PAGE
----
War in Colours: Posters of Mykola Kovalenko
Mykola is a native of Tokmak, Zaporizhzhia Oblast, which is occupied since the very beginning of Russian invasion. The artist’s loved ones stayed in Ukraine. So in his latest works he reflects on the war events. Thus, the artist’s attitude to the aggressor country is often indicated by his distortion of the Russian tricolour, elongating it, breaking or simply cutting to thin pieces that represent soldiers falling into the blue and yellow abyss, as if in an 8-bit game. Symbolically speaking, most of Kovalenko’s artwork is simple, making it easy to comprehend without additional interpretation.
A Ukrainian designer. Graduated the Mykhailo Boichuk Kyiv State Academy of Decorative-Applied Arts and Design. While in Ukraine, used to work in advertising agencies and design studios, including Saatchi & Saatchi and Publicis. His works were exhibited throughout the world. A recipient of over 150 international design festivals awards. Since 2015 living and working in Bratislava.
— The start of the full-scale war came to me as a shock. I don’t know what else to say. It added to the worries and work, I also draw a lot for various volunteer organizations. My prints use and sales proceedings go to different funds providing assistance to Ukraine. I arrange exhibitions in order to attract international attention to the war. Besides, I help the refugees coming here. Naturally, I don’t get much sleep. But I create posters each day and will go on with that until Ukraine wins.
It’s hard for me to describe them in the making, that depends. Woke up in the morning, watched news and then made a poster, or had something in mind during the commute. Indeed, it is quite hard to convey the idea, to express your feelings through very simple forms, without even using words at times. This simplicity is backed by the years of education and experience.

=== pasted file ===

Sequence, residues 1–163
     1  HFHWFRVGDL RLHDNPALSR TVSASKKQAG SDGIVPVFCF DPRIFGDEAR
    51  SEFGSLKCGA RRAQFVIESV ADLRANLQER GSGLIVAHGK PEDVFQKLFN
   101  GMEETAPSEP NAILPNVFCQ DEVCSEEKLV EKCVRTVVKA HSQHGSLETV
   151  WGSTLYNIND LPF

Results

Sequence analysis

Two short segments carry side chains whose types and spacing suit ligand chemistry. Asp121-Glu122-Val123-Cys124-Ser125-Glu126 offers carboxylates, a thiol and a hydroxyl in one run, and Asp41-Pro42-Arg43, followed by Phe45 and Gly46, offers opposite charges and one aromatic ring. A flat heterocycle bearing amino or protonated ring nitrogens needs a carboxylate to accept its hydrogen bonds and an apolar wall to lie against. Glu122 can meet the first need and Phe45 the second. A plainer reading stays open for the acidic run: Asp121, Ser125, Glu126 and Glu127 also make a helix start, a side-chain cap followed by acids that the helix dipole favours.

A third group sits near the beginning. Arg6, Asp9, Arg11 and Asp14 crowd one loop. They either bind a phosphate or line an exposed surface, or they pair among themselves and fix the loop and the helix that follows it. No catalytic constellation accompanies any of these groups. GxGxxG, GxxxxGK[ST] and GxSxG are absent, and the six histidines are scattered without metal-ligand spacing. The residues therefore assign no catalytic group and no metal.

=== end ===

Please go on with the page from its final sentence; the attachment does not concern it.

In terms of visual impressions during the war, the one of a foreign flag in my native land hit me the hardest. And it wasn’t just for a flag alone; it was that chaos, destruction, and death it leaves behind.
In terms of visual impressions during the war, the one of a foreign flag in my native land hit me the hardest.
One of my artworks’ exhibition is held now in Bratislava, two more to go. Also, a pop-up exhibition will soon take place throughout the cities of Slovakia as well as an exposition in Poland. As for the joint exhibitions where my works are presented, they were held in Canada, the US, Spain, Italy and other countries.
People’s reaction to my posters is diverse. Spectators in Slovakia sympathise and help in every way they can. TV-channels and radio ask me to give comments, get interviewed – they are interested in Ukraine. Online, the feedback is still mostly positive, though there are many dissatisfied bots and Russian patriots who get annoyed with my posters. But if there is a reaction, then it works, and I primarily consider my work to be an artistic contribution to the information war.
I primarily consider my work to be an artistic contribution to the information war.